The senator loosened her grip on the recorder, so Alexis let released her wrist. When she did, the senator raised an eyebrow and turned Alexis’ wrist around, revealing the kanji tattoo that she’d gotten when she first turned eighteen.
“It means ‘family’,” Alexis said. “I got it when—”
“I studied Chinese in high school and Japanese in college. This tattoo doesn’t mean ‘family’,” the senator glanced from the tattoo straight into Alexis’ eyes. “It means ‘don’t forget’.”
“‘Never forget’,” Alexis corrected her though clenched teeth.
“Hmm,” Senator Thomas muttered. The wheels turned in her head as she shed her skin to reveal herself as the viper Alexis knew that she was before starting the interview. This was not a kind old lady that meant to do nothing but good work with her non-profit. Something changed several years ago when her husband left her for someone younger and she realized that she could dip into the scholarship pool that she’d been filling for the last two decades. Her jaws were unhinged and she was threatening to swallow Alexis whole. “What kind of young woman would get a tattoo and lie about its meaning? Something very personal must have happened to you, if you’re willing to engrave the words ‘never forget’ on a part of your body that you can almost always see. If you’re going to lie about it, it must be something that you don’t tell anyone—something that you’ve possibly never told anyone before.”
“You don’t know me.”
Senator Thomas clasped Alexis’ wrist between her two clammy hands and ran her thumb down the tattoo that Alexis was caught lying about. “You’re the older of two girls brought up in a middle-class Christian home. Your parents are do-gooders and your younger sister frequently joins them on bake sales and retreats to build wells in third world countries and houses and other shit. You are nothing like them. You were an angry child in grade school, frequently dying your hair shades of black, red, and pink, and grew up on punk music while wearing clothes that made you look like a street rat. When you got into journalism, you were dead-set on going after other people like a prosecutor with a chip on their shoulder, and like an angry prosecutor you often went above and beyond to ensure that your subjects paid for their wrong-doings—sometimes very publicly.”
Alexis could feel the senator’s thumbnail threatening to dig into her tattoo, as if to slice it clear off of her skin. She did nothing to stop her, though. Their conversation was still being recorded, and there was no telling what else the senator would say while on the record. “You’ve done your research on me, then. You knew that I was a recipient of your scholarship, but you chose to bullshit me.”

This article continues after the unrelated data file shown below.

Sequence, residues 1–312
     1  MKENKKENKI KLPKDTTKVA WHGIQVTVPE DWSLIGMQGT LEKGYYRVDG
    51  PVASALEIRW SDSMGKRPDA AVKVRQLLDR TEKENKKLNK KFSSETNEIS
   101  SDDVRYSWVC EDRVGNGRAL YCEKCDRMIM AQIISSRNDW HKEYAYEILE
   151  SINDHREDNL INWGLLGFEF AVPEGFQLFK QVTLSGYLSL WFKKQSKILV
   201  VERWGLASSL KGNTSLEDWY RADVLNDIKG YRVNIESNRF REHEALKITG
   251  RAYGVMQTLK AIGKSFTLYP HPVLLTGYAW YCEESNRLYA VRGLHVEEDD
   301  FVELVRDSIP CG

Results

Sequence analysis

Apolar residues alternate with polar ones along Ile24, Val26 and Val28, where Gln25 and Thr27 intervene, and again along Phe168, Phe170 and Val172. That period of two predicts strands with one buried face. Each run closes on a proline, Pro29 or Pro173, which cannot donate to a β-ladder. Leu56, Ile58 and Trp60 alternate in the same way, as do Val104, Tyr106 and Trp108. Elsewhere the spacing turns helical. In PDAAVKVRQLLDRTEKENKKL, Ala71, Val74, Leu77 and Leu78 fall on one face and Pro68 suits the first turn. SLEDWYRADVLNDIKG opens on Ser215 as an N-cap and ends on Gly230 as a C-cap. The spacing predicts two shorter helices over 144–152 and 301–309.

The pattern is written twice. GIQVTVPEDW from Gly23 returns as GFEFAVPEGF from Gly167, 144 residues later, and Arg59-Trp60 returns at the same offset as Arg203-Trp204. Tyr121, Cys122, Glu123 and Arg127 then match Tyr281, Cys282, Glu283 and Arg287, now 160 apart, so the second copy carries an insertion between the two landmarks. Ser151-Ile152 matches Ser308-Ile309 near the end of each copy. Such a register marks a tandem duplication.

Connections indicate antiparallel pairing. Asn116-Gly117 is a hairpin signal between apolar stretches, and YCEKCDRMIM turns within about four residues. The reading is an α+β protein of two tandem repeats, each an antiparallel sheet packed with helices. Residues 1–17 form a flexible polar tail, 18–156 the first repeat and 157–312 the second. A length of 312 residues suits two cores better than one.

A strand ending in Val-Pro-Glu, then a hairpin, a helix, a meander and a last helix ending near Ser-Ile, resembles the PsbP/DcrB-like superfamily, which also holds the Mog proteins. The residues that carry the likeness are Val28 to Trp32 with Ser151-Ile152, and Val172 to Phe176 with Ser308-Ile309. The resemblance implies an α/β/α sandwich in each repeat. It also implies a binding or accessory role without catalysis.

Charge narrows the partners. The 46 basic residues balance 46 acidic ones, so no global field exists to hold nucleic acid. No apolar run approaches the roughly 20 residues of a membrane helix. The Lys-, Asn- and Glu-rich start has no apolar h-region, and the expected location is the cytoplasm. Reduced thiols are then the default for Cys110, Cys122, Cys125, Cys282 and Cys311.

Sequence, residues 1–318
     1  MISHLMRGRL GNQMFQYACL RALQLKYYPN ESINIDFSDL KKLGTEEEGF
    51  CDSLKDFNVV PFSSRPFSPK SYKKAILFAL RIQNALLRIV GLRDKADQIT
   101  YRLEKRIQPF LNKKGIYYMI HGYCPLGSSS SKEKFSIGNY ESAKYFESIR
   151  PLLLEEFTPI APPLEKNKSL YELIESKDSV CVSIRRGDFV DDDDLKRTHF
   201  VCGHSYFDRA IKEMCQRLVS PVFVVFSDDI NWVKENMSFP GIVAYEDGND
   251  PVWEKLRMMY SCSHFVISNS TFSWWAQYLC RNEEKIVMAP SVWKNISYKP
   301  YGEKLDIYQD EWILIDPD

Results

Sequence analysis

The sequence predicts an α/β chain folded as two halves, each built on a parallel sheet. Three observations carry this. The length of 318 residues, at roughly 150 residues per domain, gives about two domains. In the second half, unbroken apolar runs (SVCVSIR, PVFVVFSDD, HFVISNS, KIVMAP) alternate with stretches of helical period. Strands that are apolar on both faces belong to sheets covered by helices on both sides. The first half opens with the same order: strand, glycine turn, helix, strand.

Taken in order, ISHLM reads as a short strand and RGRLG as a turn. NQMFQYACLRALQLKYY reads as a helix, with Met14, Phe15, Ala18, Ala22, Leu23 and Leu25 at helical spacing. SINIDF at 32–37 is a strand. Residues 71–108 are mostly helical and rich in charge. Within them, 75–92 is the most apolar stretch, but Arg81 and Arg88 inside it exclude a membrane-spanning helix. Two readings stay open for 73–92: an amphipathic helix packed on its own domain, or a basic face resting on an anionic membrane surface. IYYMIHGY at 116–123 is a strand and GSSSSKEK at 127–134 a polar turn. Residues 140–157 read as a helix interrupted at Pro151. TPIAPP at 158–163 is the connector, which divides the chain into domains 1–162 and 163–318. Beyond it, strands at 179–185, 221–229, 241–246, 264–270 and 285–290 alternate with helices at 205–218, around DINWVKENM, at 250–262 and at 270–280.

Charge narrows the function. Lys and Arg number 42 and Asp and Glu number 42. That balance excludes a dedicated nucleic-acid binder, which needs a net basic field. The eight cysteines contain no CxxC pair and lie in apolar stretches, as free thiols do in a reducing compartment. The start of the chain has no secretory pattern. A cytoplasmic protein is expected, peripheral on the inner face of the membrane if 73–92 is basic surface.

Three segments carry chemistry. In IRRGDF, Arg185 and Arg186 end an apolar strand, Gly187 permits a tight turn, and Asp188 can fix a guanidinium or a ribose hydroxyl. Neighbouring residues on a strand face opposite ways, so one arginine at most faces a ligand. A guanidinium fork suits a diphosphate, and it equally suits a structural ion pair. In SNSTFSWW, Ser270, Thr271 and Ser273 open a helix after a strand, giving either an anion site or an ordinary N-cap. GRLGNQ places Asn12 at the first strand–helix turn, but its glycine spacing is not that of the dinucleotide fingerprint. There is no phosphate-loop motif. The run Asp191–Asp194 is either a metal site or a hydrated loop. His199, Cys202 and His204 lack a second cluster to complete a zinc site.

“I was playing nice. Judging by this tattoo, I don’t think that people often play nice with you.” A smirk crept across the senator’s face. “You got this tattoo as a reminder that you need to play hero. You want to play hero for those that have been wronged, because when you needed a hero, no one came to you aid. Someone wronged at a young age, didn’t they. And whatever they did… it’s something that you never got over.”
Alexis glared at the senator and replied through a pair of tight lips. “Is there anything else that you’d like to admit to while you’re still on the record?”
“He still haunts you, doesn’t me,” the senator scathed. “Jack Calderan, I mean. When he attacked you, it must have reminded you of what happened before.”
Alexis clutched onto the tape recorder and yanked her arm out from between the senator’s scaly palms. “We’re done here, bitch. And you’re just done in general. ‘Senator and Scholarship Founder Grants Herself Ninety-Five Quarter’s Worth of Student’s Dreams.’ It’ll have to be the subhead, since it runs a bit wordy. I think the headline ‘FRAUD’ in all caps with your picture underneath will grab the public’s attention though.” She placed her tape recorder back in her pocket and zipped up her messenger bag before slinging it around her shoulder. “Thank you for paying for part of my education, senator. I’m glad I put it to good use.”
“You can take me down, Alexis,” the senator crossed her arms over her chest. “But you’ll never be able to outrun what really haunts you.”
Alexis turned away and walked toward the door. “I already did,” she replied, shutting it behind her.